Riot in Los Angeles

Published 05 Aug 2016

On March 3, 1991, Rodney King led a group of LAPD police officers on a high-speed car chase in San Fernando Valley. Once cornered, King and his friends were pulled over and ordered to move out of the car. King was subsequently beaten by the LAPD officers. King suffered 56 baton strokes, was kicked in the head and body and was stunned by a stun gun. An amateur photographer caught everything on video and it was subsequently shown around the world exposing the extent of force and violence law enforcement officers may employ against an unarmed individual.

Charges of assault with a deadly weapon and assault under color of authority were filed against the police officers. On April 29, 1992, the police officers involved were acquitted by the state court. This triggered one of the worst riots in American History. After the riot fifty-four people were killed, two thousand three hundred eighty-three were injured and thirteen thousand two hundred twelve were arrested, property damages were estimated to be at seven hundred Million ($700 M).

Plan of Action by the LAPD

I believe the most crucial time in every hostile situation e.g. riots, hostage-taking scenarios, is its inception. It is at this point where the mob assesses the whole situation. If the response of the police force toward the incident is not only weak but is also delayed, these people get emboldened and they start to get out of control. They not only increase in number as other people take advantage of the confusion and anarchy but emotions also start to run high. It is because of this reason that the police officers should start to take control of the situation at its very beginning. This is what the Los Angeles Police Force failed to do. The LAPD definitely lacked a concrete plan of action to avert the impending disorder that may happen. It was very disturbing that the LAPD failed to anticipate the sequence of events may probably trigger the riot. It could be recalled that even before the beating of Rodney King was shown on television, social unrest in Los Angeles was noticeable. There was an extremely high unemployment rate, the citizens were hit by a nation-wide recession, and there was a widespread perception about the LAPD being engaged in racial profiling and excessive force. The whole city was like a time bomb waiting to explode. The Rodney King incident was only the last straw for the people of Los Angeles to handle.

Further, the LAPD should have noticed that the situation was so fragile that the venue of the trial was transferred to Ventura County. This is an indication that the issue was serious and that it was highly probable that disorder and lawlessness may follow. At this point, the LAPD should have marched to the street to take control or they should have sought assistance from the federal government for additional troops. This they failed to do. It was only when the riots started that they sought assistance from California National Guard troops and the United States Marines.

LAPD’s Response to the Riot

The LAPD also failed to immediately respond to the small number of the crowd that was gathered at the streets of Los Angeles. Lt. Michael Moulin and his troops were dispatched to control a growing crowd at the intersection of Florence and Normandie. Ill-prepared and outnumbered they retreated instead of taking control of the situation. Other troops were also called to respond to the lawlessness in other parts of the city but they were likewise withdrawn, apparently, for their own safety.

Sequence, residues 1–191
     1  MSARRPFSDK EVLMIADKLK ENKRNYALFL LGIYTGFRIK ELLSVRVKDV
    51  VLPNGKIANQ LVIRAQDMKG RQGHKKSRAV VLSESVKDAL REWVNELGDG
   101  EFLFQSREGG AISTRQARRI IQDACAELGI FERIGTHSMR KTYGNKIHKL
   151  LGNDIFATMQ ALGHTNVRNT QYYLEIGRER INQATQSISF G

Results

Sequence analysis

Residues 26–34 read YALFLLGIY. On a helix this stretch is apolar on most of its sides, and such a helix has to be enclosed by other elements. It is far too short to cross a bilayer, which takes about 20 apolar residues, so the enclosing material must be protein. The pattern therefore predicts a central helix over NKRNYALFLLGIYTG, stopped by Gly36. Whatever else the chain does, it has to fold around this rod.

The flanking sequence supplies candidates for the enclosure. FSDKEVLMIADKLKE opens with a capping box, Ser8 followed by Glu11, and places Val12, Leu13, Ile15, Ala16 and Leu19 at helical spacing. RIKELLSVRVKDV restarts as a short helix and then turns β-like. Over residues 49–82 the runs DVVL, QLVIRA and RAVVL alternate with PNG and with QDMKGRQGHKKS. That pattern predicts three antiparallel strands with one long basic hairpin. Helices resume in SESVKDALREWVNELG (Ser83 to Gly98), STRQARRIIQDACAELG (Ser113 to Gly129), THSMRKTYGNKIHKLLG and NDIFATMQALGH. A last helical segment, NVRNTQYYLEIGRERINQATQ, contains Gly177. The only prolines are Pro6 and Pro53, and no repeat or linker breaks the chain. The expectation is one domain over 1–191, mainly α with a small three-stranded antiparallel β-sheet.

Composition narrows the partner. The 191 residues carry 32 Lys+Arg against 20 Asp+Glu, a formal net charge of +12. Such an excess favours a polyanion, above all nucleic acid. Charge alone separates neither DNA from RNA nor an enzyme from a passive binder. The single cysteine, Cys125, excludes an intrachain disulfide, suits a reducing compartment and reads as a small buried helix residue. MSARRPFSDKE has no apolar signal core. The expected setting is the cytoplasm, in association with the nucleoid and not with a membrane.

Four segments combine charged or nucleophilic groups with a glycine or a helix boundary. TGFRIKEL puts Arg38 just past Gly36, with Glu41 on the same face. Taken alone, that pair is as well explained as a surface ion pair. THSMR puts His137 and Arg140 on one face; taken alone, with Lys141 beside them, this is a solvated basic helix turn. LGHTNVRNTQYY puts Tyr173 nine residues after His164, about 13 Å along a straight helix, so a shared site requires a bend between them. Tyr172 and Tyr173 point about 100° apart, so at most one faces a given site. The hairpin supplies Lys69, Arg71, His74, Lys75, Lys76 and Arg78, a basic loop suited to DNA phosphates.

This triggered the other protesters started to join in the affray. As they increase in number and as the mob became angrier, the problems of the Los Angeles police force were compounded. The lack of preparedness and the seeming lack of concern for the gravity of the situation by the Los Angeles Police Force were manifested by Daryl Gates. The Christopher Commission, which was earlier formed to conduct an investigation on the Rodney King incident, earlier called for his resignation after finding that there were widespread racism and sexism in the LAPD. On the first day of the riot, Gates left the police headquarters to attend a political fund-raiser.

Indeed, the LAPD failed to respond to the disorder and lawlessness that on the first day of the riot, the mob was able to impose their will on the police. They burned cars, looted business establishments, burned buildings, and shot at the police. It was only on the second day that the LAPD began to take control of the situation when the California National Guard troops and United States Marines arrived. Things began to return back to normal on the fourth day upon the arrival of Abrams tanks and Armored Personnel Carriers.

I believe that the riot was not an unexpected occurrence. If the LAPD only had the foresight and the vision to notice that there have been social unrest in the city, countless lives would not have been lost and millions of dollars worth of property would not have been destroyed. Had the police immediately shown their force by placing them strategically on the streets of Los Angeles this could not have happened. The lack of knowledge of the Los Angeles Police in crisis control resulted in this devastation.

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